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Tipsheet: Desperate Vols woo Leach, rich Aggies buy Fisher

Tipsheet: Desperate Vols woo Leach, rich Aggies buy Fisher


In the latest episode of "As the SEC Turns," Texas A&M kept stacking up dollars until Florida State coach Jimbo Fisher flinched and Tennessee got rejected yet again -- this time by North Carolina State coach Dave Doeren.

The Vols nearly hired Ohio State defensive coordinator (and former Rutgers coach) Greg Schiano, but backed out when their fans revolted. David Cutcliffe (Duke), Mike Gundy (Oklahoma State) and Jeff Brohm (Purdue) also said no.

Cashiered A&M coach Kevin Sumlin emerged as a possibility . . . then faded. Now Tennessee seems to be zeroing in on the ever-eccentric Mike Leach, an offensive innovator with an, um, unconventional coaching persona.

Leach helped revolutionize Big 12 offenses while at Texas Tech before departing under unhappy circumstances. He has won eight or more games the last three years at Washington State.

Putting him on the big SEC stage -- in front of that insane fan base -- could be magical entertainment. Tipsheet wants to see it happen.

Meanwhile, various reports had Texas A&M closing the deal on Fisher for upwards of $7 million per season. The Seminoles, 5-6 this season heading into a rescheduled game against Louisiana Monroe, is already talking to possible replacements for Fisher, including Oregon's Willie Taggart.

Orlando Sentinel columnist Mike Bianchi let Fisher have it:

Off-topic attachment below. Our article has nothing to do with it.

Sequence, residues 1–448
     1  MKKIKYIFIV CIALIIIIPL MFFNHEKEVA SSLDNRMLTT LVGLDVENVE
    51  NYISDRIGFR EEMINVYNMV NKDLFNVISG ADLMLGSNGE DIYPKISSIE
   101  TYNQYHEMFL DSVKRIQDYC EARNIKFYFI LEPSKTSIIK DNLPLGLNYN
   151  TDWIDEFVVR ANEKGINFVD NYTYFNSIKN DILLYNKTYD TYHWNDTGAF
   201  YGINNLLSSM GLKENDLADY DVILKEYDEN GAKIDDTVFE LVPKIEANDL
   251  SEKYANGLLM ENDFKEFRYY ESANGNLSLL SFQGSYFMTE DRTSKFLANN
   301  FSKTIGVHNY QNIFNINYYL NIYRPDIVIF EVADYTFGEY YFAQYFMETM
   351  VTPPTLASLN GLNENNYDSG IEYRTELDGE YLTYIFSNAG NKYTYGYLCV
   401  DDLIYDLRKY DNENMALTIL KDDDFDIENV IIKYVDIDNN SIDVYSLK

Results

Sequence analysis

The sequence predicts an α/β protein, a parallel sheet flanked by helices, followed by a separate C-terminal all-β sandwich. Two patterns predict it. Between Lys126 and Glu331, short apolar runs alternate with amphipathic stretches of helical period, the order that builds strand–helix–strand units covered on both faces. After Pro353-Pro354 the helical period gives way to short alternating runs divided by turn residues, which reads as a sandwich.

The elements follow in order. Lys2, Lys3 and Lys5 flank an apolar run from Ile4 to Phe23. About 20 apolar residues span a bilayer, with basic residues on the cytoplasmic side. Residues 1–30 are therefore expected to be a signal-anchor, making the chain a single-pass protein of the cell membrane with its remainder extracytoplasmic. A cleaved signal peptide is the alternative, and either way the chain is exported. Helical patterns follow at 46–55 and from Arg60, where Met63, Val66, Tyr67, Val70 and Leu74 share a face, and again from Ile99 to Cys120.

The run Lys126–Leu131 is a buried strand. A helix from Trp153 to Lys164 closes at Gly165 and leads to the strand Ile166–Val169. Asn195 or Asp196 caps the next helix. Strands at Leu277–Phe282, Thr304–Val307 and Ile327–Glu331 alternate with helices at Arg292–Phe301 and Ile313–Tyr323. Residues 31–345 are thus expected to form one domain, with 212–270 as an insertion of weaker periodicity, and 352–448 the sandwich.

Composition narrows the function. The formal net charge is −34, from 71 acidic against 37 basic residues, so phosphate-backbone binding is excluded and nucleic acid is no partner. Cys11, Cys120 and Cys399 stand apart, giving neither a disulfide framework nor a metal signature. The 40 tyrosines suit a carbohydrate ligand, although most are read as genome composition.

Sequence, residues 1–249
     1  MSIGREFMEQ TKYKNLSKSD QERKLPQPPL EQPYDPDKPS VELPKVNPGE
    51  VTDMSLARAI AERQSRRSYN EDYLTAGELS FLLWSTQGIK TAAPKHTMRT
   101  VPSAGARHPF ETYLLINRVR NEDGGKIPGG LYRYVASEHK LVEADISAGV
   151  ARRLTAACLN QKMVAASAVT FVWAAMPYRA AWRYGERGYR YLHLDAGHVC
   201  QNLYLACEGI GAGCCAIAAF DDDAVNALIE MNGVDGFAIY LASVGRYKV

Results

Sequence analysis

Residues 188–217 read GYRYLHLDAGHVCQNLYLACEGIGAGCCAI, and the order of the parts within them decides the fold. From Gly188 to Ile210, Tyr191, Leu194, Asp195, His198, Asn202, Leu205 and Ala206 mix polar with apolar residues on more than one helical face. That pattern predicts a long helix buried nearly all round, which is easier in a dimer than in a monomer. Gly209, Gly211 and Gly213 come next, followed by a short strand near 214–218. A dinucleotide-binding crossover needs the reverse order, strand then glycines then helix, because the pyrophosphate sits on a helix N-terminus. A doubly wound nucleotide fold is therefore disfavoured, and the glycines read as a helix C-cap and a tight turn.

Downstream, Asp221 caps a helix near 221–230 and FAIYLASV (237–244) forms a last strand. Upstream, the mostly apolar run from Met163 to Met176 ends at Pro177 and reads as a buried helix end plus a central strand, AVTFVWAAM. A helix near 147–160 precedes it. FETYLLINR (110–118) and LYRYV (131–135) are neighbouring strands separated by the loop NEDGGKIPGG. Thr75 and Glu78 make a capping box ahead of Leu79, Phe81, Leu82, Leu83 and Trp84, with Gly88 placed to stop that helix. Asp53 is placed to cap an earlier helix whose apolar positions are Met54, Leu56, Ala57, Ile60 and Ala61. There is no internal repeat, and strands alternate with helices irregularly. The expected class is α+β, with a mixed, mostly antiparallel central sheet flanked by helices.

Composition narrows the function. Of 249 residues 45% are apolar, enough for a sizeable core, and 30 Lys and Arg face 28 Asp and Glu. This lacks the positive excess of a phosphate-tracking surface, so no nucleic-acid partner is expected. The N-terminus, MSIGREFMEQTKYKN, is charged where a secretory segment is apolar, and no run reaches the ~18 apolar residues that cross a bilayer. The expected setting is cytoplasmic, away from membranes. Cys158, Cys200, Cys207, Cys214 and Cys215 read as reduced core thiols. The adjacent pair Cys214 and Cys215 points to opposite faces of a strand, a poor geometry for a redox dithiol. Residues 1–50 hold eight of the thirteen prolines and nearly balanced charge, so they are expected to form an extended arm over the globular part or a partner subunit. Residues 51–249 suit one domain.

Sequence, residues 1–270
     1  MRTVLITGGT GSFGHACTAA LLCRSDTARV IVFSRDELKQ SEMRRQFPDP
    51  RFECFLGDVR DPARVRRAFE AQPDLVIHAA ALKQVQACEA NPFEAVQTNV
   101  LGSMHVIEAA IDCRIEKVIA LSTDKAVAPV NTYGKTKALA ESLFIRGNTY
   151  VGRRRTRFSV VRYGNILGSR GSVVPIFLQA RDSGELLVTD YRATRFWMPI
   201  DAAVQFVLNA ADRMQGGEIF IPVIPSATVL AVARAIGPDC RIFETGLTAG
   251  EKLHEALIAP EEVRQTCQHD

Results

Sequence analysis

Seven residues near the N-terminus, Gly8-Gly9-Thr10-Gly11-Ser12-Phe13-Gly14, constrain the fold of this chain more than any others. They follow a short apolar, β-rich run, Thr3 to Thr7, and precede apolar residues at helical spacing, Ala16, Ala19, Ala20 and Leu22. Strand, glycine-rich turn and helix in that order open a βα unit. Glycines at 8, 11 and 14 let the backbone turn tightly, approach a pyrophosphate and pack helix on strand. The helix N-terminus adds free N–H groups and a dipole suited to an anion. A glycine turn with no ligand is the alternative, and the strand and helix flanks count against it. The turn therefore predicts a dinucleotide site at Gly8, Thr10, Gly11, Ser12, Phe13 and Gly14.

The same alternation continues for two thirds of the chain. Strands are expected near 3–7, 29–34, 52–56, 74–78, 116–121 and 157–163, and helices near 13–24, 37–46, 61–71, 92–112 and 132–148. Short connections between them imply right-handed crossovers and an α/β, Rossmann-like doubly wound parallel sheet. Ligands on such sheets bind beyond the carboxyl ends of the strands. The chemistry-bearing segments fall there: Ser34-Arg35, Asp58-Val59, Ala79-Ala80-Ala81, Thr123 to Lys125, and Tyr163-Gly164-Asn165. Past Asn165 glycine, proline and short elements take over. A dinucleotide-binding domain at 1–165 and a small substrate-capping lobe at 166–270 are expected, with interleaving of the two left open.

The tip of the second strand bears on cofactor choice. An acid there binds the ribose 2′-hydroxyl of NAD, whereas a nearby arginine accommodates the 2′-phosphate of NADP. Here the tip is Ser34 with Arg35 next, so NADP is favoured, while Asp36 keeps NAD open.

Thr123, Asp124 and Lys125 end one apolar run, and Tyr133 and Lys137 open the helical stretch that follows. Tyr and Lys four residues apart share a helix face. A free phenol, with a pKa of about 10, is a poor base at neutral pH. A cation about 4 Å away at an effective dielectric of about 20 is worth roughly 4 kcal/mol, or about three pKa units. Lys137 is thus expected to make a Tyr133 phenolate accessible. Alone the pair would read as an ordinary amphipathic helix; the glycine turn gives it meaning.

Even the most devout UCF fan will understand if Scott Frost leaves for a bigger job at his alma mater in Nebraska. No FSU fan will understand if Jimbo leaves for a smaller job at Texas A&M.

In the last 25 years, Florida State has won three national titles, played for it six times and would have played for it many more times if they had not lost one key game (usually to Miami) during the Bobby Bowden era.

Texas A&M’s last national title was 77 years ago.

Is this really how Jimbo is going to treat the Seminoles? Is this really how he’s going to leave a university that shoved the legendary Bowden out the door just so they could give Jimbo the job? Is he really going to destroy his FSU legacy of winning championships, upgrading facilities, modernizing the infrastructure and dominating his rivals (a combined 14-2 record against Miami and Florida) by leaving the program in a losing lurch?

Jimbo can try to paint his potential departure any way he wants, but we all know the real truth. He can say that FSU’s facilities, even though there have been tons of upgrades in recent years, are still lagging. And he can say — as a recent Tallahassee Democrat article alluded to — that he doesn’t have a good relationship with FSU athletics director Stan Wilcox and Andy Miller, the head of Seminole Boosters.

Those are just convenient excuses.

If Jimbo Fisher takes his ball and goes to Texas A&M, it will be because Clemson’s Dabo Swinney ran him out of town.